Begin compiling the safety document in the initial phase of event planning. Supplement the document as planning progresses and, if necessary, after the event, so as to ensure that practical experiences are recorded. Make use of the competences of the personnel when you prepare the safety document.
Various programme services may be offered as additional services at events, such as bungee jumps, pony rides or climbing. The programme service provider must draw up a safety document for their service if the Consumer Safety Act requires this. The main organiser of the event should ask all of the service providers participating in the event to provide safety documents during the event's planning stage, as this is the best time to influence the overall safety of the event.
Accidents and unusual situations
The early detection and analysis of any accidents and other mishaps are an essential part of assessing the risks of the event. In the safety document, describe how the event’s hazards are identified in advance and how safety will be monitored and measured throughout the event.
Set up accident records (a register of hazards) for the event. Use the accident record to log any accidents and near misses involving the attendees. Plan the procedures that the personnel and public can use to report any safety shortcomings or accidents that they detect during the event. Learn from accidents and make use of the accident records to plan safety at future events.
Severe accidents and near misses must be reported to Tukes immediately.
If an event presents a hazard to the public, it must not continue. When a hazard has been detected, it may be necessary to suspend the event in whole or in part based either on the event organiser’s assessment or an order by the authorities. The event may only resume once it is certain that the hazard has been eliminated and the event is sufficiently safe. The operating methods for the continuous monitoring of event safety and the identification of hazards, as well as for safe suspension of the event, must be taken into consideration in the event’s safety plan and safety document.
Legislation and authorities
Notifications must be made for events and permits must be sought from various authorities. The event organiser must be familiar with the legislation, the supervisory authorities and the notification and permit procedures applying to the event, as well as the associated schedules.
The authorities will be happy to provide guidance and advice on event arrangements in advance of the event. Inform the authorities of your planned event at the earliest possible phase before you apply for permits. This will enable the authorities to inform you of any shortcomings or request additional information in good time. For large events, it is often necessary to meet with the authorities well in advance of the event and, if necessary, more than a year in advance.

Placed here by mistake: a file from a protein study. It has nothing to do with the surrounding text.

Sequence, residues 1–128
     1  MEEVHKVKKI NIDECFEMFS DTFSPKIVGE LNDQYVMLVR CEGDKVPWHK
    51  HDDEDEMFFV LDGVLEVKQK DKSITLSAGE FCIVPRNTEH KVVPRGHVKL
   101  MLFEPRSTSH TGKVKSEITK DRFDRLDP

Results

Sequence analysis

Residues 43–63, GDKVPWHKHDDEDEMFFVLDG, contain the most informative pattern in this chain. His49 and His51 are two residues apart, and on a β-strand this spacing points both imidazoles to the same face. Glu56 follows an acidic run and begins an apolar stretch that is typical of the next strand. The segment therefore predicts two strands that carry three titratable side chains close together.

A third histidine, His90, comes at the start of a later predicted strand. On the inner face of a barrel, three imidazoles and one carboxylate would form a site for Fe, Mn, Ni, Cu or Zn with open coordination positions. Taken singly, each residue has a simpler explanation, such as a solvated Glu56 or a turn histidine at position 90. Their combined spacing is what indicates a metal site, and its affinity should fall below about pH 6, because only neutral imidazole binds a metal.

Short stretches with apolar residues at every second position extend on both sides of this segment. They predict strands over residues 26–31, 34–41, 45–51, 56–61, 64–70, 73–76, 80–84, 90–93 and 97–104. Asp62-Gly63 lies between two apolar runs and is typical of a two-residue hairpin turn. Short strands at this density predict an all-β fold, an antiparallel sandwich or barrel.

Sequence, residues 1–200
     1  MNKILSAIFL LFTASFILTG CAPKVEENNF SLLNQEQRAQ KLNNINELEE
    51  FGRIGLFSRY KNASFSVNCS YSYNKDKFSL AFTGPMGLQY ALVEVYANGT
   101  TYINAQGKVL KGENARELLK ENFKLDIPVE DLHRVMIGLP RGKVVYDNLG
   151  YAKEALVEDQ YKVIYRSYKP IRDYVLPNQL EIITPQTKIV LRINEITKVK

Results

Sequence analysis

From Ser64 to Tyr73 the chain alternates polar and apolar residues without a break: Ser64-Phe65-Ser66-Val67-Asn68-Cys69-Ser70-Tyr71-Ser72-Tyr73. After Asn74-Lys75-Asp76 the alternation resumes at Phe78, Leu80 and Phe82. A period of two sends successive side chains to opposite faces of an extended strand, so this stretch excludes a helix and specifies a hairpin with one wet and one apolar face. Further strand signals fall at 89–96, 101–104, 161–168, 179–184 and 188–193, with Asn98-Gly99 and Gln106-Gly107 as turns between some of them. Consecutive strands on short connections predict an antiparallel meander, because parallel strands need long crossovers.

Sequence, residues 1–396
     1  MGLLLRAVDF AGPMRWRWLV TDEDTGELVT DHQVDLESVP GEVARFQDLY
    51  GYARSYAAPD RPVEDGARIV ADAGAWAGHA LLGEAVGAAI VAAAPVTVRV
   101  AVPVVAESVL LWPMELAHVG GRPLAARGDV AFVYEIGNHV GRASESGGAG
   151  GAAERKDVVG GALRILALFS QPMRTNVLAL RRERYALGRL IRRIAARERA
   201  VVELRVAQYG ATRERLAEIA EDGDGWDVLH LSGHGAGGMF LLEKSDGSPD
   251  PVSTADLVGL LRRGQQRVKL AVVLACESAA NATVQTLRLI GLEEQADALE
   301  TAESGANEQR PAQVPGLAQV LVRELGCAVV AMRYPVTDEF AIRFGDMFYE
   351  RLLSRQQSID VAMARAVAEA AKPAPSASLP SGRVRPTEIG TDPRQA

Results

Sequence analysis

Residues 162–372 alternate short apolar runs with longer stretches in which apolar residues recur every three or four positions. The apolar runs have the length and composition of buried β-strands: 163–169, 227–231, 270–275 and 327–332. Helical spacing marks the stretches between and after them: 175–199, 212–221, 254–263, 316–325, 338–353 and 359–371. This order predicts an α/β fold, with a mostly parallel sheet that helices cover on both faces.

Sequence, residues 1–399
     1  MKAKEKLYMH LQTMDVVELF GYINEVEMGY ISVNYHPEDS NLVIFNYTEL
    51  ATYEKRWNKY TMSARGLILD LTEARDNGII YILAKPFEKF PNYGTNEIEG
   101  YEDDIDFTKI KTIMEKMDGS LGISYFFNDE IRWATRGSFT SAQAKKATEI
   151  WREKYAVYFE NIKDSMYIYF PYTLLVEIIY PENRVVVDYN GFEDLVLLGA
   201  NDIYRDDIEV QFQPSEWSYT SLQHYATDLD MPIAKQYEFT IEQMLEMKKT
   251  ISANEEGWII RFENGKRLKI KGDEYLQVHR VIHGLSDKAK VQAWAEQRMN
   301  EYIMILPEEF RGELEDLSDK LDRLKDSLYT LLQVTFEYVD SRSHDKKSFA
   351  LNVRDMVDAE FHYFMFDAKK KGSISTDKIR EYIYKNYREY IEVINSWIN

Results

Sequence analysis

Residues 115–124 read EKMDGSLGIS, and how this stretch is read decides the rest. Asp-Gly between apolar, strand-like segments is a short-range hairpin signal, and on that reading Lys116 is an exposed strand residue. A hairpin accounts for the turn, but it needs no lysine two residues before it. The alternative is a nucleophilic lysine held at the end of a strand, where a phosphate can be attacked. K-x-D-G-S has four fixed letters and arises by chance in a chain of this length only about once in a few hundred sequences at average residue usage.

Events are monitored by at least the following authorities in addition to Tukes:
- The police: Assembly Act, Private Security Services Act, Public Order Act, Act on the Safe Handling and Storage of Dangerous Chemicals and Explosives
- The emergency services: Rescue Act and Rescue Decree, Act on the Safe Handling and Storage of Dangerous Chemicals and Explosives
- Municipal building authorities: Land Use and Building Act
- Municipal environmental health and protection authorities: distribution of foodstuffs and potable water, animals, waste management and the environment, noise
- Hospital districts: first aid, Health Care Act, Rescue Act
- Regional state administrative agencies: Occupational Safety and Health Act, Alcohol Act
Best safety practices related to events
Monitoring weather conditions
Wind, rain, thunder, snow, temperature and related changes can significantly impact the safety of events, particularly those held outdoors. Clarify the typical weather conditions at the venue and take them into consideration during planning and realisation. Prepare an advance plan of action if a change in weather conditions presents a hazard for the attendees.
Monitor the weather forecast and warnings in good time before the event so that you can make any necessary structural changes in advance. Monitor the weather conditions and any changes in the weather during the event by observation, by keeping track of weather forecasts and, if necessary, by measurement. Monitor the weather conditions particularly closely for events that use lightweight temporary structures that are vulnerable to the effects of wind; events held on water or in remote locations; and at other outdoor events that are long in duration or large in size. Clarify the structures used for the event, the restrictions imposed by weather conditions on the use of such structures, and the actions required to ensure the safety of structures in advance.
The temporary structures used during events may include tents, stand and stage structures, audio and lighting structures, and fences and barriers of various types. All of the structures used at events must be durable, safe and suitable for the intended purpose. They must meet the existing safety requirements, such as building regulations and the installation and usage instructions issued by the manufacturer. In the safety document, describe the high-risk structures used at the event and the requirements applying to inspections and maintenance of such structures. The municipal building authorities are responsible for monitoring the safety and construction aspects of structures, and they can provide applicable instructions.
VPowerful special effects such as lights, smoke and odours may have harmful or even unhealthy effects on attendees. If these are used, inform the attendees in advance when tickets are purchased and when the attendees arrive at the event so that they can decide whether they are willing and able to attend the event. Plan a safe way of implementing special effects and, if necessary, limit the use of special effects on the basis of a risk assessment. Risk assessments must also take account of the indirect consequences of activities. For example, substances or objects thrown onto the attendees may cause electrical devices to overheat or start a fire.